Measuring Commitment in Service
January 26, 2009
Marshall Putman served for four years in the U.S. Navy including plying the inland jungle waterways of Vietnam aboard a minesweeping gunboat.
“That’s when I learned about commitment,” he says today. “And I brought that with me” at the time of the formation of Pro-Air Services Inc. in 1995.
From a one-person shop at the beginning to a more than $5 million a year industrial and commercial HVACR business today with 40 employees, Putman has continued to stress commitment. And that has included a commitment to hiring top-flight service technicians and project personnel (of which there are currently 31), who are given challenging and diversified projects often involving large chiller systems, and are provided year-round work and a strong, competitive wage and benefit package.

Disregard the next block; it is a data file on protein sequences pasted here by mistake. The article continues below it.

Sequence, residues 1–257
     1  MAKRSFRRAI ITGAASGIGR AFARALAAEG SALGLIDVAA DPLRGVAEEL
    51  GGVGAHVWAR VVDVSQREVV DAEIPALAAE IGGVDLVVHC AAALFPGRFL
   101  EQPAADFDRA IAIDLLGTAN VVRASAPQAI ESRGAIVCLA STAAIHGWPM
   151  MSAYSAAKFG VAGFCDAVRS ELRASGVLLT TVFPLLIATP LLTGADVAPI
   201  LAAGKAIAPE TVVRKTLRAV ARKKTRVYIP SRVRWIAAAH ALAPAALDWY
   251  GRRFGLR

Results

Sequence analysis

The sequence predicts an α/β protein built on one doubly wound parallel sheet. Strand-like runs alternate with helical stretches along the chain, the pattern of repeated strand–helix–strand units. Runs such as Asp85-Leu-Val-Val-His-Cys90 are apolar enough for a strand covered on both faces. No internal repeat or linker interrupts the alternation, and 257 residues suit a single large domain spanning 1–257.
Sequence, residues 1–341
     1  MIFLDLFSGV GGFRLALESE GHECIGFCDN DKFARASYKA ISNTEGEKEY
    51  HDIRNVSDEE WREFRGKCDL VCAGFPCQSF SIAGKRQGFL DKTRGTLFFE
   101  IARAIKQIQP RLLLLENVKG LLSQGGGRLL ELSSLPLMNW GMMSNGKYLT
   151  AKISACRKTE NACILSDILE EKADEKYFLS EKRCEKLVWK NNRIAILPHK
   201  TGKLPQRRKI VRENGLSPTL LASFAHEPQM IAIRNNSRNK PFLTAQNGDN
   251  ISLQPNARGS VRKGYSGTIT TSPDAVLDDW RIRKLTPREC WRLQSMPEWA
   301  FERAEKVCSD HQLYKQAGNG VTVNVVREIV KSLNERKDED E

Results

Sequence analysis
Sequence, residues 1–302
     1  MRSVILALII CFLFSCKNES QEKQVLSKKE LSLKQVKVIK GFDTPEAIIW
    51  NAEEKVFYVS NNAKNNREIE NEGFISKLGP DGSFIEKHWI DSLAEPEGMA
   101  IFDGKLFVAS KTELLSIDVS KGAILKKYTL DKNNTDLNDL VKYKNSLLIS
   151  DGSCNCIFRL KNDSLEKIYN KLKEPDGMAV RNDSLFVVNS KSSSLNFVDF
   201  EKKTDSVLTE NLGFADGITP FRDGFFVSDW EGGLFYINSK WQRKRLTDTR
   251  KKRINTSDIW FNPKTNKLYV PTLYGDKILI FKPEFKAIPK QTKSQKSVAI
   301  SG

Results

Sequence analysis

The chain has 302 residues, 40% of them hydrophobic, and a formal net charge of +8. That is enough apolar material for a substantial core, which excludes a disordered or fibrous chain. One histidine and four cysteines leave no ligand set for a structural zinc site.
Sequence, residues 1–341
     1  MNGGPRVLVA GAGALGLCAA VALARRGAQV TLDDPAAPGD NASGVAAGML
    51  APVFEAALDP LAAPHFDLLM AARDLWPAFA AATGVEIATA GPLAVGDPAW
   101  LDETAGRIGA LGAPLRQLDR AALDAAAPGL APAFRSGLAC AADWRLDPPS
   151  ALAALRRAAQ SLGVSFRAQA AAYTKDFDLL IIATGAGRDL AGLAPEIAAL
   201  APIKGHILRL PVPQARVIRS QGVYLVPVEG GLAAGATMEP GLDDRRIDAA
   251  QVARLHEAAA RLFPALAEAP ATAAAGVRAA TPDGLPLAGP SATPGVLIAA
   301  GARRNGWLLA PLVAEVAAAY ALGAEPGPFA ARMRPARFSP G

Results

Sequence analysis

For these and other reasons, Pro-Air Services Inc. of Decatur, Ala., has been chosen the winner of The NEWS’ Best Contractor to Work For for the South region.
START UPAfter leaving the Navy, Putman worked odd jobs until hearing about the HVACR program at a community college. “I knew I enjoyed a technical challenge. So I got involved in the field. I worked hard at it and I really enjoyed it,” he recalled.
After a time working in the field, Putman was hired by Carrier as a manufacturer’s representative. He did that for 18 years before deciding to go out on his own with the formation of Pro-Air.